I am now an official member of the Fake News Industry, as I have an op-ed in the New York Times arguing for a federal job guarantee.
The potential is great for helping revive depressed communities. West Virginia could clean up its streams and roadsides while building better housing. Flint, Mich., could construct new water systems and provide stability for private business to support a newly robust community. New York could construct low-cost housing to solve its homelessness crisis.
What must exist in any job-guarantee program is an enforcement mechanism. The initial version of Humphrey-Hawkins allowing workers to sue for a job reminds us of the need for a strong enforcement mechanism. Without a legal requirement to provide work, lawmakers will find political excuses to not implement the program, and it will not serve as a useful solution to automation, poverty and social instability.
True full employment would require an expansive view of worthy labor that moves us beyond nostalgic images of white men employed in steel mills and coal mines. This can range from the building of badly needed infrastructure to giving children music lessons. It can also underwrite our elder care and child care crises. Moreover, while an expanded public sector would be necessary to achieve full employment, the government can provide a variety of incentives to the private sector to increase employment.
Ideally, a permanent Works Progress Administration, with the government directly employing tens of millions of unemployed workers, would not be required. For the last several decades, a corporate culture of quarterly earnings reports has emphasized short-term profit and executive bonuses based on cost cutting. That approach came at the cost of labor. With real competition for labor from the government, corporations would need to invest in long-term planning and job creation and training programs to keep workers.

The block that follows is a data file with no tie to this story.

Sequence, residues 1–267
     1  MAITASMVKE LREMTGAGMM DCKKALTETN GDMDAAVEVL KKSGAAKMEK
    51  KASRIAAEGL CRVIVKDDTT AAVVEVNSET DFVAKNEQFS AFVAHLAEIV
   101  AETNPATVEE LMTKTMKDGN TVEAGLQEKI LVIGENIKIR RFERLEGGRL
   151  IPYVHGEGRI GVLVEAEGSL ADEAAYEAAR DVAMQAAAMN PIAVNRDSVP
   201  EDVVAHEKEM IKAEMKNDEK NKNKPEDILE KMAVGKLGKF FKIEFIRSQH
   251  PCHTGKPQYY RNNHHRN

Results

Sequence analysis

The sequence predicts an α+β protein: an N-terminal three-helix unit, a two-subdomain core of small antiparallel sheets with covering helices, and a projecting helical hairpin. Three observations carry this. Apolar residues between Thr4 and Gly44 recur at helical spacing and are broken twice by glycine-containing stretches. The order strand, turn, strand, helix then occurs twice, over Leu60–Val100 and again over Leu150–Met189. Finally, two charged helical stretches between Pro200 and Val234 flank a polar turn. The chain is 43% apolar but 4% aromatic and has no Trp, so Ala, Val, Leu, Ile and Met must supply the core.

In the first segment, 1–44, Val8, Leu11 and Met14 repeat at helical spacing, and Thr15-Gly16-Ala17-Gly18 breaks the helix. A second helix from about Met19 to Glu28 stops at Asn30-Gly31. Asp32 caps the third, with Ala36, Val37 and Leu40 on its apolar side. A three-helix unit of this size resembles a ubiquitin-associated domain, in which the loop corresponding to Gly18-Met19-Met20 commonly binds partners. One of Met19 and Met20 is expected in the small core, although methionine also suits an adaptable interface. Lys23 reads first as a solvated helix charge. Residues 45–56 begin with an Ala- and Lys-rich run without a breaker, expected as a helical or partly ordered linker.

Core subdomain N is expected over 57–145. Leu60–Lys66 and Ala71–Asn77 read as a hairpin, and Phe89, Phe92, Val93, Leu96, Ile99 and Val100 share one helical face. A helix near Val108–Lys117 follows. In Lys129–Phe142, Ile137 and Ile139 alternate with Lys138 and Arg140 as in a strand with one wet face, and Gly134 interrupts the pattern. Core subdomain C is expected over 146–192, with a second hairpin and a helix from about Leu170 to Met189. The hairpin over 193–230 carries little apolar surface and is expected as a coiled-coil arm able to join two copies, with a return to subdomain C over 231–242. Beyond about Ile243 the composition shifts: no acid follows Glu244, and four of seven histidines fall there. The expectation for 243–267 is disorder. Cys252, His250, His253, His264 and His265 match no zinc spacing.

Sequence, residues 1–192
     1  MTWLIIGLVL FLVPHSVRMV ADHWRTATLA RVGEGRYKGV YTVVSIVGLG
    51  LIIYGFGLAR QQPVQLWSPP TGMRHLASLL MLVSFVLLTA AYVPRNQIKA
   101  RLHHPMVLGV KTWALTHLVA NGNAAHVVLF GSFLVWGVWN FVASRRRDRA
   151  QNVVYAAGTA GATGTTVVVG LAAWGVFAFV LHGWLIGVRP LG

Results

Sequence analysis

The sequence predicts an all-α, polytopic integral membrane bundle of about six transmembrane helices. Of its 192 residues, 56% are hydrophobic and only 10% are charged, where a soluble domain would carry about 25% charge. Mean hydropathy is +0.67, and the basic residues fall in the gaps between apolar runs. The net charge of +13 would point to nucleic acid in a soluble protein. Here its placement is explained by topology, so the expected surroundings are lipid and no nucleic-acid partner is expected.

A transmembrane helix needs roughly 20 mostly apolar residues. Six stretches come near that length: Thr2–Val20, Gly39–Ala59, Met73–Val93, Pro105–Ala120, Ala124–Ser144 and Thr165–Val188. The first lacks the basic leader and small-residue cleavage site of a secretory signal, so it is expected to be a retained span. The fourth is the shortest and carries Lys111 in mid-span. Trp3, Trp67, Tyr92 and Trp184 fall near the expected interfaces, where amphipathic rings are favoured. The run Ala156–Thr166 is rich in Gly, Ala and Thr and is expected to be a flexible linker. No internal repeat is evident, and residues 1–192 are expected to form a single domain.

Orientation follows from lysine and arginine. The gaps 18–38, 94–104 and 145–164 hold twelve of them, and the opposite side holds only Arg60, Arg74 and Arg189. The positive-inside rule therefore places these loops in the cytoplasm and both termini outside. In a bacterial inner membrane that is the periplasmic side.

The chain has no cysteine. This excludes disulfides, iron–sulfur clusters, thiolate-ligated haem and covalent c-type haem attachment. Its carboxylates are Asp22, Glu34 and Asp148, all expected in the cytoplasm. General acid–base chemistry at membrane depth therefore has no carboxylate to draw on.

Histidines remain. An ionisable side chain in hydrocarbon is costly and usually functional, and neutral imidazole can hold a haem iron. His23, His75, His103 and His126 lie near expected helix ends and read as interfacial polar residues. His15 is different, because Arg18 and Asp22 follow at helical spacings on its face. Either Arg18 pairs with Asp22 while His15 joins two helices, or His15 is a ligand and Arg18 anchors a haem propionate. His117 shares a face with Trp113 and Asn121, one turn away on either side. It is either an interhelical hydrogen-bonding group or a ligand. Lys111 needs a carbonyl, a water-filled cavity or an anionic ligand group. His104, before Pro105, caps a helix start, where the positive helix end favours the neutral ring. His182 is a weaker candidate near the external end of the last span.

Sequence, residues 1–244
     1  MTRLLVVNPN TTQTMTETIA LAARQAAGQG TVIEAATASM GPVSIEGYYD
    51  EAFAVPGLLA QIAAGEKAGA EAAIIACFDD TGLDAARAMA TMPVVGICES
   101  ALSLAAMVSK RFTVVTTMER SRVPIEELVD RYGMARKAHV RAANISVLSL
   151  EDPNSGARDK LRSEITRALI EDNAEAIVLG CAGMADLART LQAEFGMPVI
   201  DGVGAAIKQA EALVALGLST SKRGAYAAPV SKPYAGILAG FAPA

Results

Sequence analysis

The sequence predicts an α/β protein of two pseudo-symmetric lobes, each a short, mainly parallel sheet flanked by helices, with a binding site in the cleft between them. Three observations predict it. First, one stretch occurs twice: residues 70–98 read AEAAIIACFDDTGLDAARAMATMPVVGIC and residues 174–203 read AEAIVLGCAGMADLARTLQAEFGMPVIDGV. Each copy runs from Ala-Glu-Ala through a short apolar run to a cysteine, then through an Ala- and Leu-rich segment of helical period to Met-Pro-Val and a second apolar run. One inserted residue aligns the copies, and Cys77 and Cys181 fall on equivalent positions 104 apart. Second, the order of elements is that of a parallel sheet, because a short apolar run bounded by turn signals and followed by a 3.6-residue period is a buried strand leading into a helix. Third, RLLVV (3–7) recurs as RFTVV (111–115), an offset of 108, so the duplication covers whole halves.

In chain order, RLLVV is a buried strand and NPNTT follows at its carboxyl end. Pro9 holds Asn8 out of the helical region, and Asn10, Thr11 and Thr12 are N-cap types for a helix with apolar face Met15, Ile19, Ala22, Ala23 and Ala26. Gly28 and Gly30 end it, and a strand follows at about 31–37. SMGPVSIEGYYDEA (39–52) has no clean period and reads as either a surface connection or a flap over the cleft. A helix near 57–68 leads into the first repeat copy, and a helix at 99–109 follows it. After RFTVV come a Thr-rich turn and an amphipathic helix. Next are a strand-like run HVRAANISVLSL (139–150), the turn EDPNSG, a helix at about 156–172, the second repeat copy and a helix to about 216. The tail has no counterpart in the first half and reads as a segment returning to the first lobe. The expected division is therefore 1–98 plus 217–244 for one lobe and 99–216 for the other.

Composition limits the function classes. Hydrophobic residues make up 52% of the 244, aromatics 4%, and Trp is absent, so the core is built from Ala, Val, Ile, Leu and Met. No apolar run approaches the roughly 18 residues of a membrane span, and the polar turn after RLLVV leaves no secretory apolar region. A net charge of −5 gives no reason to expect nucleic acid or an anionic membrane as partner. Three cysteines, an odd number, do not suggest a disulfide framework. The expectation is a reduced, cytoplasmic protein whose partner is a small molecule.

And if the most drastic claims of automation’s impact on employment come true, our society will have developed a plan to ensure economic and social stability through robust public employment, one that can be funded through taxes on the wealthy benefiting from automation and from those directly employed by the state. For those who cannot work, a limited version of universal basic income-style direct cash transfers can substitute.
Job creation fits American cultural norms around work more effectively than the idea of universal basic income. It avoids politically unpopular forms of welfare while significantly bolstering the welfare state for those who need it. Encouraging private sector job creation would limit the impact on the deficit while adding tax money to the nation’s coffers.
A federally guaranteed job is not the full answer to economic inequality or an automated world. It needs to be paired with a higher minimum wage and labor law reforms that allow workers to unionize and win collective bargaining agreements. Work under the federal job guarantee starting at $15 an hour would help produce those outcomes.